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Worldwide Gmail crash was due to Google Sync bug

Engineer: How Oompah-Loompah config foul-up pulled down world's email

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It was a Googler misconfiguring a sync server that took out Chrome and Gmail on Monday, an engineer has stated on dev forums.

The reason for Gmail's brief burnout on Monday has been winkled out, and it was connected to the rolling crashes suffered on the Chrome browser on the same day.

It was a human error in configuring a Chrome component that throttled traffic in Chrome and then on several other Google services, explained Chrome engineer Tim Steele in a post on the Google code forum.

The component controlled traffic for Chrome Sync - a service that allows users to synchronise their customised Chrome browser across all of their devices, giving them the same bookmarks, widgets, settings and browsing history.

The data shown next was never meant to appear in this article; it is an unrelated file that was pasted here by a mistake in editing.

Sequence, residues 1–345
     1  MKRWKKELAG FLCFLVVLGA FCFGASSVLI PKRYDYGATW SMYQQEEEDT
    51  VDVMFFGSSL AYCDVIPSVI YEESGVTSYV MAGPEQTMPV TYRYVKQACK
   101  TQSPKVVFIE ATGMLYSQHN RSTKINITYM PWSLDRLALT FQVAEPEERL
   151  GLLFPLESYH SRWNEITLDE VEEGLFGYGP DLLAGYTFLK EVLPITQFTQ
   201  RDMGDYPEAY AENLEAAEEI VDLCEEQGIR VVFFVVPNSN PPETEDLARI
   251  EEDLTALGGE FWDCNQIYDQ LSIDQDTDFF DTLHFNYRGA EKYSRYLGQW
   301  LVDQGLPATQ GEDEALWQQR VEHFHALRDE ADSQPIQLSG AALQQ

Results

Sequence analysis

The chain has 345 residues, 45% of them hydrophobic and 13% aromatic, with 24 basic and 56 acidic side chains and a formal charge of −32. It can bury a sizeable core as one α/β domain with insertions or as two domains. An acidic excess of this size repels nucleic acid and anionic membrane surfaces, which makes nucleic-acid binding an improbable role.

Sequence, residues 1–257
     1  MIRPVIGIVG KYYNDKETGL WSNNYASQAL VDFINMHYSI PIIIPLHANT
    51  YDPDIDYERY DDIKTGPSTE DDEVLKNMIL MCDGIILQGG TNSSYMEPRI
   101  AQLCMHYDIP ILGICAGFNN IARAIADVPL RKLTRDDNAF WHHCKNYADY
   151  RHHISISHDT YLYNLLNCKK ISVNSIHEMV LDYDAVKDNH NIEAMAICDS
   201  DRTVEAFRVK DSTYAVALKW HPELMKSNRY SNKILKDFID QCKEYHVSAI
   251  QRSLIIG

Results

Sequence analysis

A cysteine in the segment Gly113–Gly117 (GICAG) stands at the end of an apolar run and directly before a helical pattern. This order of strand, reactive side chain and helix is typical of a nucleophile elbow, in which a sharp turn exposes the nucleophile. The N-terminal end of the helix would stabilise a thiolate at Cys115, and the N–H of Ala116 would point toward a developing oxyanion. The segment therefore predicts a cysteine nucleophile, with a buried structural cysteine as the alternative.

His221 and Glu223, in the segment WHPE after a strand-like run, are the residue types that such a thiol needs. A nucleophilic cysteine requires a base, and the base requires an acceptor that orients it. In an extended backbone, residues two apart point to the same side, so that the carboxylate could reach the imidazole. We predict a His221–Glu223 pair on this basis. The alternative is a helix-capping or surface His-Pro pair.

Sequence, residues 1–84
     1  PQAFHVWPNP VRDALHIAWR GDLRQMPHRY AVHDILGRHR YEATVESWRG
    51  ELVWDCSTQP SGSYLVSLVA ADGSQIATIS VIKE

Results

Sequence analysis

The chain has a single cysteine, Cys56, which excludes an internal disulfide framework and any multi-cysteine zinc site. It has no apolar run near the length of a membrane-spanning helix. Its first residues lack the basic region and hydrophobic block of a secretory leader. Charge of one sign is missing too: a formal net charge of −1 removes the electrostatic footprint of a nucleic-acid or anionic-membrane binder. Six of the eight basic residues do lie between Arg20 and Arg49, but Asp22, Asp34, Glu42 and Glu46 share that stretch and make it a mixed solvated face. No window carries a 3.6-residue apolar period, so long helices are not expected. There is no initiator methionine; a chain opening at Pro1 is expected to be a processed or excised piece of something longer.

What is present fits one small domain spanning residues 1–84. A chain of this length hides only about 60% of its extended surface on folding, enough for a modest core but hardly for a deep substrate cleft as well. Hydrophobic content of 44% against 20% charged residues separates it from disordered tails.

A small change to its configuration settings meant the load-balancing component started to throttle traffic when it wasn't supposed to. And because the component is core to the infrastructure that many Google services depend on, it affected them too.

It was Chrome Sync users who were hit by the outage first.

Steele explained:

- Chrome Sync Server relies on a backend infrastructure component to enforce quotas on per-datatype sync traffic.
- That quota service experienced traffic problems today due to a faulty load balancing configuration change.
- That change was to a core piece of infrastructure that many services at Google depend on. This means other services may have been affected at the same time, leading to the confounding original title [the Gmail bug] of this bug.
- Because of the quota service failure, Chrome Sync servers reacted too conservatively by telling clients to throttle "all" data types, without accounting for the fact that not all client versions support all data types.

The crash is due to faulty logic responsible for handling "throttled" data types on the client when the data types are unrecognized.

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